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Climate Change - Impacts

If the magnitude of global warming is consistent with the mid- or upper-range of the Intergovernmental Panel on Climate Change (IPCC) simulations, serious and damaging societal and ecological impacts are likely to result. Higher latitudes are predicted to see greater temperature increases than lower latitudes, especially during winter and spring. The IPCC predicts rising sea levels, increased rainfall rates and heavy precipitation events (especially over the higher latitudes) and higher evaporation rates that would accelerate the drying of soils following rain events. With higher sea levels, coastal regions could face increased wind and flood damage, and some models predict an increase the intensity of tropical storms. 

Regional and state impacts are harder to predict than large regional or global impacts.  Regional models indicate these possible impacts in Vermont:

  • Warmer temperatures could promote formation of smog.  Heat and sunlight speed up the chemical reaction that causes man-made pollutants, nitrogen oxides to combine with volatile organic compounds, to form smog.  
  • Climate change could bring warmer, wetter days which are ideal conditions for some insects and diseases that could find it easier to migrate and survive in  Vermont.  
  • Vermont's forests could be significantly altered, with pine and oak replacing trees that bring breathtaking colors when autumn arrives.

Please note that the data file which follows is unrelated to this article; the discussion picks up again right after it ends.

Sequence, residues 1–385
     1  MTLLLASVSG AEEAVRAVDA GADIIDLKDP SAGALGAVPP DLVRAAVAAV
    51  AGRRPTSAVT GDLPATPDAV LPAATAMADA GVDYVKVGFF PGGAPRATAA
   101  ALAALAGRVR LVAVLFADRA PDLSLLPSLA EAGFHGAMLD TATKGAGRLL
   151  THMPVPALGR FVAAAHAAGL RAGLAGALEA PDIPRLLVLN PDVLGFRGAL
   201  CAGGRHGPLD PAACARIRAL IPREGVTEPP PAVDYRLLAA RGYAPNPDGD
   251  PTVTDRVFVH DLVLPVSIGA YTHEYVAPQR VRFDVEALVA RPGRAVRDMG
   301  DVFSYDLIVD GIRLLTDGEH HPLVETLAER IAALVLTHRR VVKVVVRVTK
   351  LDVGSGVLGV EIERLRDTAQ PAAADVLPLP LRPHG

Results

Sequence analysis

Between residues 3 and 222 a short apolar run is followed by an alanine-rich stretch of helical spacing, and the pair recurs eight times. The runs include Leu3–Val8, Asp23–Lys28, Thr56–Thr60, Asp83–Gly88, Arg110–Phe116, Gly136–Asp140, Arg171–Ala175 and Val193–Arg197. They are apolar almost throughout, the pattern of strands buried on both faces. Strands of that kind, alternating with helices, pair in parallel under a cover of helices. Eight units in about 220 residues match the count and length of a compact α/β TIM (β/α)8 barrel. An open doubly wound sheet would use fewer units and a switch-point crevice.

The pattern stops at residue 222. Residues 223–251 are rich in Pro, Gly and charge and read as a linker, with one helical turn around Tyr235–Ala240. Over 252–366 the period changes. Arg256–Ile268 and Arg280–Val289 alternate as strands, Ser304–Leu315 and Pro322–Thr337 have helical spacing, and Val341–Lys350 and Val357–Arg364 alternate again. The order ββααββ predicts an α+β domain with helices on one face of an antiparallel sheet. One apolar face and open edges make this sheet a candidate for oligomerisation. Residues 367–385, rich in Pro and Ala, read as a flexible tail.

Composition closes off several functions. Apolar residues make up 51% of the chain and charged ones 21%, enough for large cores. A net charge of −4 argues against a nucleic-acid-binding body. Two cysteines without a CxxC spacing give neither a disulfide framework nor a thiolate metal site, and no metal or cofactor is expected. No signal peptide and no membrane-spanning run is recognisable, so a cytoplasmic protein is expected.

• Warmer temperatures could reduce the sap tapping season and the quality of maple syrup, with consequent damage to Vermont's economy.

Even if global average temperature increases in the year 2100 are in the lower-range of the IPCC scenarios, the models project ongoing increases in temperatures and sea levels well beyond the end of this century. Thus the eventual impacts may be delayed but not avoided. 

For more information on climate change impacts at the regiona, national, and international levels, see:
New England Regional Climate Variability and Change Assessment

Intergovernmental Panel on Climate Change
U.S. Environmental Protection Agency
National Research Council, Climate Change Science: An Analysis of Some Key Questions (2001)
Center for Health and the Global Environment, Climate Change Futures: Health, Ecological, and Economic Dimensions, Harvard Medical School, November 2005

 



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